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ItalyNo one knows with absolute certainty what the origin of the name Italy is. Most people believe the name Italia, as the country is called in Italian, comes from the Latin word, which is identical. This word may have been borrowed from the Greek phrase oscan viteliu, which means "land of young cattle." Another theory states that the peninsula is named after Italus, who was the mythical king of the Oenotrians, a pre-historic group of people living in the region.

Italia

Introduction:

Italy today is rooted in a number of great civilizations, including the Roman Empire as well as being a focal point of the Renaissance. However, some aspects of their culture date to much earlier times, such as foods based in Etruscan society, while other aspects of their culture are much more recent, particularly due to technological advancements, making Italy a country with one foot in the past, but a more noticeable foot firmly planted in the present.

Prior to the Roman Empire, the people of Italy were divided ethnically, linguistically, and culturally. Each group of people seemed to have their own cultures and lifestyles, with some people living off the lands and others more dependent on the seas. Today few of these original attributes can be found other than in foods. Most of these past cultures were lost due to the emergence of the Roman Empire.

The flag of Italy is modeled after the French flag, which was brought to Italy after the French Revolution in the late 1700s. The colors of the Italian flag were inspired by Milan; red and white were the city colors and green was the color of the Milanese civil guard.

Name: Italian Republic
Independence: March 17, 1861 (unified in 1870)
Capital: Rome
Currency: Euro
Population: 61,482,297 (2013 estimate)
Ethnicity: Italian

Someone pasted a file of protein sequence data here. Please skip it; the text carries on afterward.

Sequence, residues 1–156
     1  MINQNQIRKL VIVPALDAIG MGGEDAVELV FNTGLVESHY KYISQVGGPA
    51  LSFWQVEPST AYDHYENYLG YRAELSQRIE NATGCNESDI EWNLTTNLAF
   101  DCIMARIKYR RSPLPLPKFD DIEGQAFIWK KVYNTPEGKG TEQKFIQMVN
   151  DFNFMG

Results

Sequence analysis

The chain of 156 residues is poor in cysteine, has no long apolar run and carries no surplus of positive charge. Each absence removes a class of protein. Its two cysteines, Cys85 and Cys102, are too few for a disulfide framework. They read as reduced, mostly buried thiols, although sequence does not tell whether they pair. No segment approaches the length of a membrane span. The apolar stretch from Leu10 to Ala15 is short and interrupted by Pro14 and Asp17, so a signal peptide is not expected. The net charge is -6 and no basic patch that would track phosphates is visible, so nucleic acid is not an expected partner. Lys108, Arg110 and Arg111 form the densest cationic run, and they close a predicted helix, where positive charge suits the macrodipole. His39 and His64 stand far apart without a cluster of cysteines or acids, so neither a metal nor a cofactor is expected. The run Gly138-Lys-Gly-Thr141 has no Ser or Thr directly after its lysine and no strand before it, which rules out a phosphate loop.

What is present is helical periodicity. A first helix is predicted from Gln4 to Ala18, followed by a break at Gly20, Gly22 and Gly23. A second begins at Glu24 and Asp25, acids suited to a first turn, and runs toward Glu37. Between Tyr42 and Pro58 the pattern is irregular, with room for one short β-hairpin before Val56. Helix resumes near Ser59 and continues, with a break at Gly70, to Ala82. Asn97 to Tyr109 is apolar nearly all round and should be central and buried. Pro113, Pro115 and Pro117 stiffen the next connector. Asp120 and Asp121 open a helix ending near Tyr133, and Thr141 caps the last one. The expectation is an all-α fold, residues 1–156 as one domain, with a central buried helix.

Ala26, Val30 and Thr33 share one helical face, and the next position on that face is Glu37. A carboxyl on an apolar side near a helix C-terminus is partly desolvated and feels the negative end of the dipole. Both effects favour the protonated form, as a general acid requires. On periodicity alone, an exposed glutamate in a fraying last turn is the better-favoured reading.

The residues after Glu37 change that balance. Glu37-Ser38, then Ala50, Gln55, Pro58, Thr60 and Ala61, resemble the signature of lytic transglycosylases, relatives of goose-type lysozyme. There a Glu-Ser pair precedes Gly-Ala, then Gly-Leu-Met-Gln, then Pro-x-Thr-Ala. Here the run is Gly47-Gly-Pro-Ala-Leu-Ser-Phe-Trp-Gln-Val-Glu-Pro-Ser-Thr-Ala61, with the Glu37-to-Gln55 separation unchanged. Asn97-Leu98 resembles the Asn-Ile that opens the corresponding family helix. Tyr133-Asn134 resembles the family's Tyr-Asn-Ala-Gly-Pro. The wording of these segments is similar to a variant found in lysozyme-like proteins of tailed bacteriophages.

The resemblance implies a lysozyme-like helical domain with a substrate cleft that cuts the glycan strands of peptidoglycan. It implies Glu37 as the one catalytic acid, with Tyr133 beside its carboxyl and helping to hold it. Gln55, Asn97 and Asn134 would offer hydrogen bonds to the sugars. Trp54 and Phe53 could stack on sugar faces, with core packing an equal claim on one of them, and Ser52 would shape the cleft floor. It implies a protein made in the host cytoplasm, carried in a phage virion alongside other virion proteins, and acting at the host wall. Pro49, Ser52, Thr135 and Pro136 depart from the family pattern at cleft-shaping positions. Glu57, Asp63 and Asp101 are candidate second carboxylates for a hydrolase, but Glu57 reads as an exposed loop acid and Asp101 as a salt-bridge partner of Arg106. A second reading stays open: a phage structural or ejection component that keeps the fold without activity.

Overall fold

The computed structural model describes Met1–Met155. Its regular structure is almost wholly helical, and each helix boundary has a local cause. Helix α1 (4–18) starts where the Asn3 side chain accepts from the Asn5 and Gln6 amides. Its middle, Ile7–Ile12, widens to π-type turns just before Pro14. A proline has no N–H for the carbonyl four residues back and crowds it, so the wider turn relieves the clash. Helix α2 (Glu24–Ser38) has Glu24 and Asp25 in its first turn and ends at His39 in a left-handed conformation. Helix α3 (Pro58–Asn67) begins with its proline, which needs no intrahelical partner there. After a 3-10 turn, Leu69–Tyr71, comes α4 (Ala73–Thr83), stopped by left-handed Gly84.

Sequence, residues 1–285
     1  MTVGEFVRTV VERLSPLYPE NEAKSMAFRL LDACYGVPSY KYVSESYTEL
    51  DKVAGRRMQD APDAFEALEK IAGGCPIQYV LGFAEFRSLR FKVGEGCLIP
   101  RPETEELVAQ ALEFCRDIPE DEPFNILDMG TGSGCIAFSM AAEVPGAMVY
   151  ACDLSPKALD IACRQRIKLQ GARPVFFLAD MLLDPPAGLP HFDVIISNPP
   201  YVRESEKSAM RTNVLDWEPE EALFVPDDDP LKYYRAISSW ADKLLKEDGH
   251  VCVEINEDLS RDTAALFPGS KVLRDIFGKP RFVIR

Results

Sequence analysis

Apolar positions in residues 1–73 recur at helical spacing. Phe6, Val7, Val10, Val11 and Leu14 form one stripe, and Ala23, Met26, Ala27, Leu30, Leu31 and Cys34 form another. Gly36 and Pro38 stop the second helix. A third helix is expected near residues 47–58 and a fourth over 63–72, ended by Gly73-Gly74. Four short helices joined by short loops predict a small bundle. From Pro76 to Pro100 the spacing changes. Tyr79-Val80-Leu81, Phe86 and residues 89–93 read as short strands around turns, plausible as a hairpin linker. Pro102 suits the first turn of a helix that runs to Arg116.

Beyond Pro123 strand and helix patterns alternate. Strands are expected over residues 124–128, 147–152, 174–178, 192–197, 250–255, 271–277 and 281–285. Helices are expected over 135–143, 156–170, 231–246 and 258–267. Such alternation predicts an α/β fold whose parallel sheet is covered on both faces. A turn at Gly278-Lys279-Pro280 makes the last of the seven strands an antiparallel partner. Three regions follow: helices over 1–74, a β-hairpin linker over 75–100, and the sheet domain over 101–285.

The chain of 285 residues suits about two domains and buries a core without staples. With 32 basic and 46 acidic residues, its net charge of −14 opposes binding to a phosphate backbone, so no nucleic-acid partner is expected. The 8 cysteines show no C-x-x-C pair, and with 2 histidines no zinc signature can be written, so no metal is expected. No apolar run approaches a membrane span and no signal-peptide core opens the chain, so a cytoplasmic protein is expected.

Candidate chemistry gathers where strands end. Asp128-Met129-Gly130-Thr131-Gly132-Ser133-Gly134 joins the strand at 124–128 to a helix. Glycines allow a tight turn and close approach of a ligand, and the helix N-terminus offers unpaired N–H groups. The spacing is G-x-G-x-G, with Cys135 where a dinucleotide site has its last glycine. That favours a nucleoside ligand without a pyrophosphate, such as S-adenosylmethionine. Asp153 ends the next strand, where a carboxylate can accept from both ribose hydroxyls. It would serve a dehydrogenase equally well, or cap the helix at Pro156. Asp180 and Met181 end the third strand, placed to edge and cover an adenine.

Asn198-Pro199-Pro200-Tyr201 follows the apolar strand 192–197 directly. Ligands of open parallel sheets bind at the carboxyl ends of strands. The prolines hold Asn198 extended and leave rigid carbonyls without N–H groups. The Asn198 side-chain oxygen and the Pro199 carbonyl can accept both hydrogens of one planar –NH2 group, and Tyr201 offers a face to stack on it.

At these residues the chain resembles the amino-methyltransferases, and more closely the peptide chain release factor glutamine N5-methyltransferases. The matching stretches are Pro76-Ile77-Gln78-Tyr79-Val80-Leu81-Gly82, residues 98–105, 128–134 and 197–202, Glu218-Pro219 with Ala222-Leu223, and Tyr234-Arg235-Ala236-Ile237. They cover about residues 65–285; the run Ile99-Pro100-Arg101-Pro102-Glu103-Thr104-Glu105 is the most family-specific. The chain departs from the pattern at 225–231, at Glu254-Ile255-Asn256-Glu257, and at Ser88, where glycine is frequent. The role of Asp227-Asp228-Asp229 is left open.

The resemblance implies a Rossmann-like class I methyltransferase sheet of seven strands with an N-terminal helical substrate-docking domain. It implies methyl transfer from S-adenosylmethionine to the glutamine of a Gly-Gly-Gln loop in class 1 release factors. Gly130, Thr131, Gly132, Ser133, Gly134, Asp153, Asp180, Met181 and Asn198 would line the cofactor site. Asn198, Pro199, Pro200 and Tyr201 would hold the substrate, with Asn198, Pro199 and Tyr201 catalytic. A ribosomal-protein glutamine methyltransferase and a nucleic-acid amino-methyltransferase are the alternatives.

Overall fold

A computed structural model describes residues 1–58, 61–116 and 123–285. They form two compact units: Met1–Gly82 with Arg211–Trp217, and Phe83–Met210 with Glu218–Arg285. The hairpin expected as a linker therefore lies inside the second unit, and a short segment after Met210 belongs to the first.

Language: Italian
Religion: Roman Catholic

The Roman Empire introduced new ideas from far reaches, while extending their own ideas to other parts of Europe and the Mediterranean. This empire unified the people and culture in many ways as clothing, foods, religion, and language were all shared. While the tunic is no longer popular, the Latin language evolved into the modern Italian language and the empire's later adoption of Christianity changed the culture to a vast degree, a religion that is still popular today.

Despite the fall of the Roman Empire, the Italian Peninsula remained tied to and influenced by much of Europe. The culture of the region spread to Europe, particularly in the form of religion, while aspects of Europe made their way to the Italian Peninsula. However, sub-cultures emerged and the people grew apart in many ways as local cities trumped the region in importance to many people as family and community remained at the center of the culture.

Even with the Renaissance, little changed in the way of community leadership, however the country advanced quickly in terms of technology and communication, hence rapidly changing the culture. There was a relative excess of money, partially due to advanced technology that allowed less work to be done with the same or greater results. This turned people's attention to the arts, entertainment, and social life when and where it was possible. This ultimately changed culture and the lifestyle in a way that remains common today in Italy and throughout the world.

Despite the advancements, Italy didn't unify for a couple more centuries. With unification the culture and lifestyle continued to change, but the people also became more uniform in many ways. This has continued to change even today as communication and transportation have brought the people closer together. These things have also given Italy a modern society where a walk with cigarette in hand is a nightly ritual and the only gladiators to be found are on their cell phones hawking tourists to get their picture taken with them.

Learn More About Italy:

The Land:
Geography WeatherWildlife

The Past:
History Architecture

The Food:
FoodSpecialtiesDining Etiquette Drinks

The Culture:
Way of Life EthnicityLanguage ReligionDress BehaviorIdentity

Map of Italy:

Map of Italy

Information for Italy was last updated: March, 2014 ● View our: Sources & Special Thanks